@LadyRhian what book is that? I'd be interested to read it, simply because I know quite a bit about Phlan and the Moonsea region, from playing on Tales of Moonsea all those years...not that I've read a fantasy novel of that style for a long time, but just seeing all of those familiar references you just posted made me all nostalgic! :D

    kcwise
  • FardragonFardragon Member Posts: 4,511

    When discussing a "Fighter", I might buy "Boxer". When discussing a "Fighter" in the context of a Fantasy 'Swords and Sorcery' movie or even in terms of Medieval settings, probably she wouldn't go there. But then that is merely my assessment.

    As for Hollywood, I can't speak for all of Hollywood, but if this movie were in the hands of some notables such as Ridley Scott, Peter Jackson, George RR Martin (writer, but still EP of Game of Thrones), Joss Weddon, Bryan Singer, JJ Abrams, John Boorman (director of Excalibur) just to name a very few, I think that they know a LOT about Medieval settings. And even if it weren't in such illustrious company, anyone who has SEEN movies from any of them, most notably The Lord of the Rings or the most recent Robin Hood outing with Russell Crowe, they probably know enough to fall into the same tropes I have described above.

    However I have no need or desire to sway your opinion. carry on.

    We already know it's not in the hands of any of those people, it's in the hands of a couple of hacks. It would have a better chance of being D&Dish if Vin Diesel where writing and directing. You remember The Sorcerer's Apprentice, "adapted" from the Spook's Apprentice? It will be a rerun of that, Nick Cage included.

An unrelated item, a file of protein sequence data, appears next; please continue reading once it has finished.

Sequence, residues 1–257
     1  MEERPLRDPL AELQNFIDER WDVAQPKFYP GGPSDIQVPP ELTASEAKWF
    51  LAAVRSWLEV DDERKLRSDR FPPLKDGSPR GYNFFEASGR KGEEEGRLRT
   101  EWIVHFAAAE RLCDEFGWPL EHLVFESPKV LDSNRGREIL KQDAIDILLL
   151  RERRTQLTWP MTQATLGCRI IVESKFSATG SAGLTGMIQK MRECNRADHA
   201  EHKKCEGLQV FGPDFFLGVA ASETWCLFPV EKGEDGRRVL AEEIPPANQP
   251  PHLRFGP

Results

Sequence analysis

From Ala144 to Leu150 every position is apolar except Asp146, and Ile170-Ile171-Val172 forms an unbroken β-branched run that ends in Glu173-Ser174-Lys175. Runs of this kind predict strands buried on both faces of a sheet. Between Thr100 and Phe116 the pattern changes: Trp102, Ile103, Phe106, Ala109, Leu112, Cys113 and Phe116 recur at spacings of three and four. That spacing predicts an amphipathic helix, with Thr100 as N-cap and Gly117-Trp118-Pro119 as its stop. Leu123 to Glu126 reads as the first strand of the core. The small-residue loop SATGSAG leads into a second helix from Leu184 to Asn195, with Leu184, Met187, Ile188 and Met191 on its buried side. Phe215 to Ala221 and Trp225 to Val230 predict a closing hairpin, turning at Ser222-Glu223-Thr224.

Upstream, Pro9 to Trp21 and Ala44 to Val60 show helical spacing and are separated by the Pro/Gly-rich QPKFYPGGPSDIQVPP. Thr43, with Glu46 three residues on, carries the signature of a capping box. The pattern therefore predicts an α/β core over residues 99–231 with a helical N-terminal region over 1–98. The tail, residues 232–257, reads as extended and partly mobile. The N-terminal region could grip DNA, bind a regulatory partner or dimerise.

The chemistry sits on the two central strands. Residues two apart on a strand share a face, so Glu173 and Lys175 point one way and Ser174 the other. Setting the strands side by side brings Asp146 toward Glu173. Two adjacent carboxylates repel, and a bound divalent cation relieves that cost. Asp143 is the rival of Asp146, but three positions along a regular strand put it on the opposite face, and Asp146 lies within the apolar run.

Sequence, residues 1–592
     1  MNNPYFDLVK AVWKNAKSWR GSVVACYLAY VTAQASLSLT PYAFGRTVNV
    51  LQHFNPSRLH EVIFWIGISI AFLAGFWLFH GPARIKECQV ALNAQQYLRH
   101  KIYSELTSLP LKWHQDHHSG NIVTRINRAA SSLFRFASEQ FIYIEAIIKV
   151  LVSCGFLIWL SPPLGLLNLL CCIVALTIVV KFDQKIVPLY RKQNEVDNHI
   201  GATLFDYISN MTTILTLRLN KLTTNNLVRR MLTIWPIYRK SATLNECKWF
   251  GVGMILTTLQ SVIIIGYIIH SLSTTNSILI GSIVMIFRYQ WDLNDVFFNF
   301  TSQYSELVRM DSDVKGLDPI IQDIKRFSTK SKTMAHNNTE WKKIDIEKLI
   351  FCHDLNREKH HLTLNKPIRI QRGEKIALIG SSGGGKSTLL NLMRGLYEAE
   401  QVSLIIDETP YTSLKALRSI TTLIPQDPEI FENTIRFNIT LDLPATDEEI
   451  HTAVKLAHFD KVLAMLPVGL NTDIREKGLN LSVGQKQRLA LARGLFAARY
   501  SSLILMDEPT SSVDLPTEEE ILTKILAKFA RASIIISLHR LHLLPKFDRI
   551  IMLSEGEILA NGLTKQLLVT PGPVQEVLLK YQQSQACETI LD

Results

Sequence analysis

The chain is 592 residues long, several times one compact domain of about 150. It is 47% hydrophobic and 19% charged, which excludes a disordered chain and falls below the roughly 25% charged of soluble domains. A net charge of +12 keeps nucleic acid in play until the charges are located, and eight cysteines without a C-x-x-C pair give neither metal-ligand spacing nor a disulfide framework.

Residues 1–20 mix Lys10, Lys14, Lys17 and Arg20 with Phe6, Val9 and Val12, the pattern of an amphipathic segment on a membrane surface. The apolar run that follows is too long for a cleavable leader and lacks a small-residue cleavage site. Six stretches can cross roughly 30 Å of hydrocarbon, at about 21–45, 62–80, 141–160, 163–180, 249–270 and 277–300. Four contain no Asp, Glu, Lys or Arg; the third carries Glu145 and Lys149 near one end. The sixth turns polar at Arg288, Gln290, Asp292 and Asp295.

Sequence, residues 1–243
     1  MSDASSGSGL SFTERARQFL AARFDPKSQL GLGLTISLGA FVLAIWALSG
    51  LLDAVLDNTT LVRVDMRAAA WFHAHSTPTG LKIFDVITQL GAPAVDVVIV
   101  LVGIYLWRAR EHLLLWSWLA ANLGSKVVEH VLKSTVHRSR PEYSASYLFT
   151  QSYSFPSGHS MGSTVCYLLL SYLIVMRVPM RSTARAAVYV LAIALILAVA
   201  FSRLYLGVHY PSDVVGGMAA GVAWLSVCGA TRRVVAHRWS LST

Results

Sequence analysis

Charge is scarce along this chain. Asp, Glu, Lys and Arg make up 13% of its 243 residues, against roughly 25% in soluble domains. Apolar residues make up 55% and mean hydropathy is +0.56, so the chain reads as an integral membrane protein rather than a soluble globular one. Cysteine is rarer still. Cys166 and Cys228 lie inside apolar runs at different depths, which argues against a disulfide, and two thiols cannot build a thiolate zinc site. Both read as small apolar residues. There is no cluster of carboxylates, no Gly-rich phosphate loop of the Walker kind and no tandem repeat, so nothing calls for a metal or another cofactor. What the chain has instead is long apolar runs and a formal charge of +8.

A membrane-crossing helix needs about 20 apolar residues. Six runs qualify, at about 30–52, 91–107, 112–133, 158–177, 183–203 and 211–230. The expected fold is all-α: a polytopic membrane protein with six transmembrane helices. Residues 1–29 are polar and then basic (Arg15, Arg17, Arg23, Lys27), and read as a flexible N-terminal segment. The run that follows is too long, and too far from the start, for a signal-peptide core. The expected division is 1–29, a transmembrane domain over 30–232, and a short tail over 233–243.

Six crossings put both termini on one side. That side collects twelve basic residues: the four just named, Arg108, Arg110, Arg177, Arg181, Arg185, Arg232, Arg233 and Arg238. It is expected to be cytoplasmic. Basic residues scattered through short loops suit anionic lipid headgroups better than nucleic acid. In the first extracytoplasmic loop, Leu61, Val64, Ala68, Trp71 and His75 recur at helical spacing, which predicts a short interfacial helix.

kcwiseMagpieRandoms
  • the_spyderthe_spyder Member Posts: 5,018
    LadyRhian said:

    I'd love to see them mix it up and have a woman be the main fighter/tank.

    Ala, Xena warrior Princess? I'd totally watch that. I was a big fan of Xena back in the day (and was a bit disappointed that the rumors of it's return were premature).
    Squire said:


    I hope it's not, simply because, from my experience, Hollywood knows sod all about medieval clothing, armour etc. They like to just throw random bits of cloth, leather (usually in the style of a modern biker), hide, or whatever else they can find in whatever place they think will look cool, dye it all black or brown, and cover it in crap (because nobody ever washed in those days, apparently, and nobody knew how to dye clothing). Also, every soldier in the world has plate armour (it's standard issue for all recruits, apparently!) and swords are basically free. These are facts about the medieval period that I have learned from various Hollywood films.

    I share your concerns to a limited degree. I do feel that there are examples where this wasn't the style. But I also feel that it is worth noting that this is equal parts Hollywood directors/producers not knowing their genre AND the perception (note I say perception, not necessarily fact) that the general audience doesn't know any better either.